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State to consider tougher seat belt laws
Mar 08, 2013 2:31 pm
If a state legislator has his way, not wearing a seat belt could become a lot more expensive in Tennessee.
Introduced by state Rep. Tony Shipley, of Kingsport, HB613 would increase the penalty for not wearing a safety belt and would allocate revenues from increased fines for prevention of child abuse and to the Tennessee Court Appointed Special Advocates for Children.
Presently it is a Class C misdemeanor for a person caught not wearing a seatbelt, and violators are fined $10 for the first violation and $20 for subsequent violations. The money collected from fines is deposited in the state general fund without being designated for any specific purpose.
The proposed bill would increase the fine for a first-time violation to $50, and the cost of subsequent violations to $75.
The bill would also change the distribution of money generated, with $20 of any fine generated designated to the Tennessee Court Appointed Special Advocates for Children; $10 going to the Exchange Club Family Centers for the prevention of child abuse; and all remaining funds from fines going to the division of vocational rehabilitation to assist people with disabilities who have been severely injured in motor vehicle accidents.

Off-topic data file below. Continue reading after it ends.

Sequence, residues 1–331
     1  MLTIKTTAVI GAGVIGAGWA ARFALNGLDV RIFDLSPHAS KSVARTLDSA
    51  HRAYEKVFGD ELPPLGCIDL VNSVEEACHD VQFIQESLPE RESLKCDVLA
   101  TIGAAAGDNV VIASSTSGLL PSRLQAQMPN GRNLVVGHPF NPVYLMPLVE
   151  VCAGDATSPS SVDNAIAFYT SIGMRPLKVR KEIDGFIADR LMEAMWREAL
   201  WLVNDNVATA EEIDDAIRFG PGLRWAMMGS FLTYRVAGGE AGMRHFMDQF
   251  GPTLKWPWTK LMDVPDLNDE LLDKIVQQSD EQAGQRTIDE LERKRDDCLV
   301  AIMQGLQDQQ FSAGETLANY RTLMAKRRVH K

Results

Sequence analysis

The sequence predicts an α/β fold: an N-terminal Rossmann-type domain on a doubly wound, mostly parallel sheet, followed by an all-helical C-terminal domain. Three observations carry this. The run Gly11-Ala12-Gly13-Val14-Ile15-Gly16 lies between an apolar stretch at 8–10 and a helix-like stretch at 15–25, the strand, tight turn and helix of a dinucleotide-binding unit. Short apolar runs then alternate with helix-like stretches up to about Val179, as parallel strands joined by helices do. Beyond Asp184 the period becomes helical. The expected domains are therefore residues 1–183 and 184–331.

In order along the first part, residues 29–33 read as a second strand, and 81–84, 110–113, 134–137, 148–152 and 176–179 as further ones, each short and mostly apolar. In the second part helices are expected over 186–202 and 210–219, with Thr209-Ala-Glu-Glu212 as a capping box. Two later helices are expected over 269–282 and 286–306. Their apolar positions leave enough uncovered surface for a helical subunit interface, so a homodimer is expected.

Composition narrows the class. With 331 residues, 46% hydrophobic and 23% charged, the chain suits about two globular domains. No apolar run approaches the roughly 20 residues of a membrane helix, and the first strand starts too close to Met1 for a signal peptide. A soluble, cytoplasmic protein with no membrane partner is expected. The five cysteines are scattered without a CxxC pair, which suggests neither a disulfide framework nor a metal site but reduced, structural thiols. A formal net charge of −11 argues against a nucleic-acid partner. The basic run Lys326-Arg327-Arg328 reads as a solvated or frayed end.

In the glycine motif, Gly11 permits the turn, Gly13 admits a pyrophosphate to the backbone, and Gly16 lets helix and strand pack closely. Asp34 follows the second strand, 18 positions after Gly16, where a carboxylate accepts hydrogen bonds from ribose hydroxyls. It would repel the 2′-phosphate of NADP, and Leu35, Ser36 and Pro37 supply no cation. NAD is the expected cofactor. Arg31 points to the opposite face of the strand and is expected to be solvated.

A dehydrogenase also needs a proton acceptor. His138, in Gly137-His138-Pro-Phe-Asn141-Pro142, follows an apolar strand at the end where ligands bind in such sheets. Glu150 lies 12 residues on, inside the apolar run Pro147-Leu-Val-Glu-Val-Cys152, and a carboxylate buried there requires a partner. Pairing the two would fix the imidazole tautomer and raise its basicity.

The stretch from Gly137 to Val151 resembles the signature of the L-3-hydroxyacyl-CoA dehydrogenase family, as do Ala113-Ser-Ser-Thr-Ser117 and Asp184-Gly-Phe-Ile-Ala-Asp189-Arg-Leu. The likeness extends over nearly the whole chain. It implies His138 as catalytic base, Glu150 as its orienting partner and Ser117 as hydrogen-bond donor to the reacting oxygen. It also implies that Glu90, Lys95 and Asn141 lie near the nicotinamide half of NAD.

Lebanon police Chief Scott Bowen said he is wholeheartedly in favor of upping the fines for people who don't use seat belts.
"I had a conference call with Rep. Mark Pody and the legislator who introduced this bill," Bowen said. "I requested that the bill be amended to include some of the money from fines going to Child Advocacy Centers as well."
He said the American Automobile Association is behind this proposed change.
"The AAA is pushing this law for seat belt use and for more points on driver's licenses," he said. "They think the current rules are not enough punishment."
Under the provisions of the bill, anyone who violates the new seat belt law would also be assigned two points on his or her driver's license that could contribute to a license being suspended or revoked if they receive 12 or more points within 12 months.
"The three things that lead to the most injuries and deaths among drivers and passengers are speeding, drinking and driving and not wearing seat belts," Bowen said. "In an accident, anyone not wearing a seat belt is more likely to be killed."